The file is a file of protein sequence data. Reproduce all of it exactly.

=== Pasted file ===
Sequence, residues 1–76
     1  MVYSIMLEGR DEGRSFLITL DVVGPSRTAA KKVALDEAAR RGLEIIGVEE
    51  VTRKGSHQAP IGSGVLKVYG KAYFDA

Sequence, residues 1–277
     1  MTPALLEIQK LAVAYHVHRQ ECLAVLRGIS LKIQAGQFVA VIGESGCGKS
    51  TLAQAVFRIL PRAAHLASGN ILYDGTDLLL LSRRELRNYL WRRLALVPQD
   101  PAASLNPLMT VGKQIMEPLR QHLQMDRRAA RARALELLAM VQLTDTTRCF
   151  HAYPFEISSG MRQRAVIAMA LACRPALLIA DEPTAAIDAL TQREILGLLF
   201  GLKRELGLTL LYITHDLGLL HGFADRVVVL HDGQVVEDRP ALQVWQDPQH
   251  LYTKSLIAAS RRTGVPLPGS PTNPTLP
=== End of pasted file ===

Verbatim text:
Sequence, residues 1–76
     1  MVYSIMLEGR DEGRSFLITL DVVGPSRTAA KKVALDEAAR RGLEIIGVEE
    51  VTRKGSHQAP IGSGVLKVYG KAYFDA

Sequence, residues 1–277
     1  MTPALLEIQK LAVAYHVHRQ ECLAVLRGIS LKIQAGQFVA VIGESGCGKS
    51  TLAQAVFRIL PRAAHLASGN ILYDGTDLLL LSRRELRNYL WRRLALVPQD
   101  PAASLNPLMT VGKQIMEPLR QHLQMDRRAA RARALELLAM VQLTDTTRCF
   151  HAYPFEISSG MRQRAVIAMA LACRPALLIA DEPTAAIDAL TQREILGLLF
   201  GLKRELGLTL LYITHDLGLL HGFADRVVVL HDGQVVEDRP ALQVWQDPQH
   251  LYTKSLIAAS RRTGVPLPGS PTNPTLP